The weather forecast for our our second day was cloudy but dry and we woke to a clear blue sky and it stayed sunny all day. So much for English weather forecasts.

After breakfast we drove the few miles to Friston Forest where we parked the car in one of the two official car parks. This one is on the west side of the forest about 2 miles south of Littlington.

After paying our 1.50 GBP for a day’s parking, the only option there is, we walked off into the forest heading for the little village of West Dean about a half mile away.

In spite of stopping here and there along the way to look at plants we arrived in West Dean fairly quickly and decided to have another look, we’ve been before, at the little church.

Through the village to the path through the forest to the Seven Sisters Country Park Visitor Centre. Ah yes – that path. Not quite as innocuous as it might sound.

That’s the one. It wasn’t as strenuous and didn’t take as long as you might imagine to get to the top. The next section of path was gently downhill all the way to the visitor centre and we had then walked about mile from the car. We had a brief stop here for coffee in the Exeat Farmhouse Restaurant which I mentioned on the Cuckmere Haven page from our previous trip.

So crossing the A259, Seaford to Eastbourne Road, we headed towards Cuckmere Haven.

Here you can see the Cuckmere River meandering across it’s flood plain towards the sea with the path on the left-hand edge of the picture. You can just about see the sea on the left edge of the horizon.

On our previous visit there was no livestock to be seen but this time there was. This pair were grazing contentedly each side of the path and we had just walked between them when I turned and took this photograph.

Cattle are usually nervous enough that they will move away from people if they get too near but these were obviously used to people and didn’t so much as twitch when we walked between them.

So after walking another mile we soon arrived at the beach at Cuckmere Haven.

Don’t be mislead by the sandy beach – most of it is pebbles and it’s hard work walking on them. I wanted to get some more pictures of the chalk cliffs so we walked further along the beach. Here I am taking my life in my hands, well I could have got seriously wet feet, to get the sort of pictures you see on the web site.

You will notice that, in this close-up of part of the chalk cliff, there are rows of small dark blobs. These are flints formed in the chalk and, when the cliff is eroded by the sea and the weather, they are washed out and rolled by the waves to form the rounded pebbles of which the beach is comprised.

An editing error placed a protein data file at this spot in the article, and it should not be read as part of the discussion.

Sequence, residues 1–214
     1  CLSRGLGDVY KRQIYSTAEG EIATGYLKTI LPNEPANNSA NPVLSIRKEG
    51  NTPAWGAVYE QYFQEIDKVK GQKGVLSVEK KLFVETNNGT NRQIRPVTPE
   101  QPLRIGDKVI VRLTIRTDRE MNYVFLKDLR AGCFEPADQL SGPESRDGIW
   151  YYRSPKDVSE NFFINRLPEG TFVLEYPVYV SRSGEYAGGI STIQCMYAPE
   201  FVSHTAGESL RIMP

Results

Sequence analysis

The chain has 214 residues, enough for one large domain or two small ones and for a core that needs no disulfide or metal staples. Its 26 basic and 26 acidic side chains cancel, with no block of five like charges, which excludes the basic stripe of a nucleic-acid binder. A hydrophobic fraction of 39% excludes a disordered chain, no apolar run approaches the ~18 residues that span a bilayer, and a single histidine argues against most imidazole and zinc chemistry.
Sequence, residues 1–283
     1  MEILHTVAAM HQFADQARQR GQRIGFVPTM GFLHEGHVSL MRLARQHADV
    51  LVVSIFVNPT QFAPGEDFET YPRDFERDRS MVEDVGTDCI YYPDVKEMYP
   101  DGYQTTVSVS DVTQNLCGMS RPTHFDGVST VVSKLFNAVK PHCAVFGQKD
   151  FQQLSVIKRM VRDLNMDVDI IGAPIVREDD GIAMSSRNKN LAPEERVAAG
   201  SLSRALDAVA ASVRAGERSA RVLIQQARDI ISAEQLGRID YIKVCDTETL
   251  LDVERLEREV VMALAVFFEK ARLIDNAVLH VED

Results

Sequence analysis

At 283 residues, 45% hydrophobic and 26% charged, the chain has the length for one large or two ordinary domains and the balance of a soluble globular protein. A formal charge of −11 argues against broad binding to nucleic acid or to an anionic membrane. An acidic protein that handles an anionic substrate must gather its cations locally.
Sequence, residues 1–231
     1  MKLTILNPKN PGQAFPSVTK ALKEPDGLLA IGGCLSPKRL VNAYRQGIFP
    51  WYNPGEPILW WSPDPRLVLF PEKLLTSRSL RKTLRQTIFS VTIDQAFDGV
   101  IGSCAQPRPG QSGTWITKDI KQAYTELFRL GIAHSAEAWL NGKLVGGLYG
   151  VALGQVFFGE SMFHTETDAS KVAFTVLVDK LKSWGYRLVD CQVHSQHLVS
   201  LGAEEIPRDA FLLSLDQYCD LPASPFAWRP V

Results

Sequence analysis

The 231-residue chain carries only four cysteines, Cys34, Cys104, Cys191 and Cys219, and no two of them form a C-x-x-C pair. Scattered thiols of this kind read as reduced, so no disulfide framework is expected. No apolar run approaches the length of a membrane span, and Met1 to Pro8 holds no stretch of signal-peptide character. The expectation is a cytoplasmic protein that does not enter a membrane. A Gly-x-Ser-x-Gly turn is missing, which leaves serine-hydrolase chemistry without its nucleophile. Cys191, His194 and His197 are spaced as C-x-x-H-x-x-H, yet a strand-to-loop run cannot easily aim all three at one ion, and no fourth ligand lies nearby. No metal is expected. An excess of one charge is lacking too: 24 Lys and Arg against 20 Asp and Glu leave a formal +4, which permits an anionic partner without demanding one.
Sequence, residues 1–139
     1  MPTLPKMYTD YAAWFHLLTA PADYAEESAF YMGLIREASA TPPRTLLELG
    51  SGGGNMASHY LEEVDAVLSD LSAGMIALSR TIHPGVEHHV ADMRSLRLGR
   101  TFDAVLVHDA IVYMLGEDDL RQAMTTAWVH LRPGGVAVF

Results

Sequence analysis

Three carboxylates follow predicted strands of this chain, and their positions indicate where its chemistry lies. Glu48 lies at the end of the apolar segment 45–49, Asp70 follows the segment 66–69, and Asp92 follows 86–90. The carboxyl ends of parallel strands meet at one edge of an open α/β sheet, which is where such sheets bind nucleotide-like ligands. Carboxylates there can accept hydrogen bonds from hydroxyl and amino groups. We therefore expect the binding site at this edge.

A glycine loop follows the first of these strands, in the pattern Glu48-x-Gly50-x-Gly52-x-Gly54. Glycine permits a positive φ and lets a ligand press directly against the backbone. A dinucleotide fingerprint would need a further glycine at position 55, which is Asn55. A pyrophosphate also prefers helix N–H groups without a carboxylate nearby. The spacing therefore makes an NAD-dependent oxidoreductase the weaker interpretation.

As we started back towards the visitor centre at Exceat we saw a Little Egret in one of the lagoons.

We were back at Exceat in time for a late lunch at the Exeat Farmhouse Restaurant and then walked back through the forest, via West Dean, to our car.

As we still had some time left in the day we drove to Birling Gap and parked in the free car park there. Birling Gap is so called not because there is a complete gap in the cliffs but because the cliffs there are only about 30 feet high whereas the cliff heights either side are measured in hundreds of feet.

There is a metal stairway from the top of the cliff to the beach and this picture was taken from the top of the stairway looking west at the Seven Sisters chalk cliffs.

We did, of course, go down the stairway to the beach and walked east in the hope of seeing Beachy Head round the next corner but we reached a point where the sea was still lapping against the cliffs so were not able to go any further.

I did, however, take this picture after we’d turned round to walk back to the stairway.

On the way along the beach one could not avoid the noise of the surf. The waves crashed noisily on to the beach and, as the water withdrew, the sound of pebbles grinding as they were rolled could easily be heard. Standing there listening to that noise one could imaging how the rough lumpy flints were transformed into smaller rounded pebbles.

When we got back to the car park there was still time for another short expedition so I walked east up onto the cliff tops whilst Amanda stayed down below. Until I reached the top of the cliffs I hadn’t realised that the Belle Tout Lighthouse was so close so I had to go at least that far.

Just before I got there a long thin strip of cloud obscured the sun and I ended up waiting 15 minutes for it to clear – but what a beautiful place to have to wait. The sparkling sea to the south, the Seven Sisters white cliffs beyond Birling Gap to the west and East Dean and Friston Forest to the north.

Coming back down from the lighthouse I saw this view of Birling Gap

The sun was getting noticeably low and it would be dark within 2 hours so we made our way back to the hotel after a very pleasant day.

Tomorrow will be mostly ups and downs.